Securing the hundred of billions of rands required to deliver Broadband for All is a global race. South Africa will need to compete on the global scale to attract the necessary capital. The investment needed that underpins the government’s targets will seek a combination of scale, an enabling regulatory regime and a competitive playing field that fosters risk-taking and innovation.
South Africa, for all its past shortcomings, has produced two operators, (one uniquely South African) that have the necessary empowerment credentials and which have the scale (locally and regionally) and financial backing to meaningfully contribute to the challenging government broadband targets. MTN’s track record has attracted a large body of local empowerment shareholders through its Zakhele share scheme including large institutional shareholders that manage pension monies.
While these operators require no special favours or protection, they have the scale and global muscle to deliver the substantial investment required to maintain, and improve South Africa’s standing in the global race for Broadband access investment. They should be seen as the government’s ally in delivering growth, not its enemy. Such national assets should be cherished, not vilified.
Unfortunately, MTN South Africa is faced with a sustained level of regulatory attack that appears to be more about levelling out past successes than securing South Africa’s economic future.
What MTN cannot accept is for this cost based principled approach to be reversed for selected players, increasing MTN’s subscribers’ costs, as huge dispensations are handed over on the basis of regulatory experiments or sympathies, however well-intentioned they may appear to be. If investors are required to divert scarce investment dollars away from South Africa’s broadband future to subsidise failing voice business plans, then we have to ask what competition is for. The success of a competitor should be dependent upon the correct and most efficient utilisation of resources and not on regulatory interventions that decides who should win or lose in the race.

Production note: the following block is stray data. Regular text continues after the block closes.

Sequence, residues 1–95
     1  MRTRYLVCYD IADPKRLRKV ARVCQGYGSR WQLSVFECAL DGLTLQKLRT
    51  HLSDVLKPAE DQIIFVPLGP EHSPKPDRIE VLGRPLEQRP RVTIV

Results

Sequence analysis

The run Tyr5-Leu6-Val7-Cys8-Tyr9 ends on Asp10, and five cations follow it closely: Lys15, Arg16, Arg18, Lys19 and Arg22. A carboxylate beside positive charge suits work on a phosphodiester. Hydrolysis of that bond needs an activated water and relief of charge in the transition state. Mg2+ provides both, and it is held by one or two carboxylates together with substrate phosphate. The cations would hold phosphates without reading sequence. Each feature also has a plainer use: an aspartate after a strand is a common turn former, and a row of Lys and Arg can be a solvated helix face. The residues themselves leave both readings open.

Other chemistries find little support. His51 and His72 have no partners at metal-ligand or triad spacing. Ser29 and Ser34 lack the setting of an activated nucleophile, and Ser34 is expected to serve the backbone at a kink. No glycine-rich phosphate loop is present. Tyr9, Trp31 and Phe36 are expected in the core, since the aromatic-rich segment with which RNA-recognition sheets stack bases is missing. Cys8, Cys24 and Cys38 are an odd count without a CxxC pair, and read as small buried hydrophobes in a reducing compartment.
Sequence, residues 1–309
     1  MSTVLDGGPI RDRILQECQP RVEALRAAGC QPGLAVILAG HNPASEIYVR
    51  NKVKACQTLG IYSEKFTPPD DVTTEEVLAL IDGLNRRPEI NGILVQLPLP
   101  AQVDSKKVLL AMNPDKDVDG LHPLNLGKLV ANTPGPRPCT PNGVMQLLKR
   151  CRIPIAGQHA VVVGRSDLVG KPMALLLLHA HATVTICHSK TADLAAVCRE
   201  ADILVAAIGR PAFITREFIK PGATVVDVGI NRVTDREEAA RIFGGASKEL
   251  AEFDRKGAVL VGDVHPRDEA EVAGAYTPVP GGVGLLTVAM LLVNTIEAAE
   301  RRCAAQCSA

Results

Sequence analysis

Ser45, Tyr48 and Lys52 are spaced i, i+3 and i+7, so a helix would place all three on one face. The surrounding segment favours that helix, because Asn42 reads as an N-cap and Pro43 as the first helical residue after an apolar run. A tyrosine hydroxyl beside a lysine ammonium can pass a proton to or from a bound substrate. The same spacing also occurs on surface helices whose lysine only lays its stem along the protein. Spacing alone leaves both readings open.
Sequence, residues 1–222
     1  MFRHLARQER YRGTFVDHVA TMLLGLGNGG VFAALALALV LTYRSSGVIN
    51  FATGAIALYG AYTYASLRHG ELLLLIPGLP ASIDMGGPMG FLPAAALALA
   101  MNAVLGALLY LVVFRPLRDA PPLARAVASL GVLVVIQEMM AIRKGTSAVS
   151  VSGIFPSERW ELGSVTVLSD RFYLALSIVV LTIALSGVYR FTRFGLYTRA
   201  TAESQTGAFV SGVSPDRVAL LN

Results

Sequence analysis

This decision by the regulator raises a number of political, economic and practical questions. For one, does it mean that all telecommunications operators should get competitive funding from larger competitors until each of them reaches 20 per cent market share (a practical impossibility)? Should smaller players or later entrants get an even larger subsidy, so they can “catch-up” with everyone even if the smaller operator has been operating for more than a decade. Should MTN also get a higher termination rate so it can grow market share against Vodacom? Which CEO would decide to take its business above 19.99 per cent market share, and lose regulatory protection? What are the guarantees that the subsidy will be spent on securing South Africa’s broadband future, rather than paying off debt or funds leaving the country in the form of dividend payments?
Since 2002 telecommunication costs have consistently been the service with the lowest CPI index when compared to 39 different groups of services as published by STATSSA. This is despite substantial increases in basic input costs (with fuel and electricity almost trebling during this period).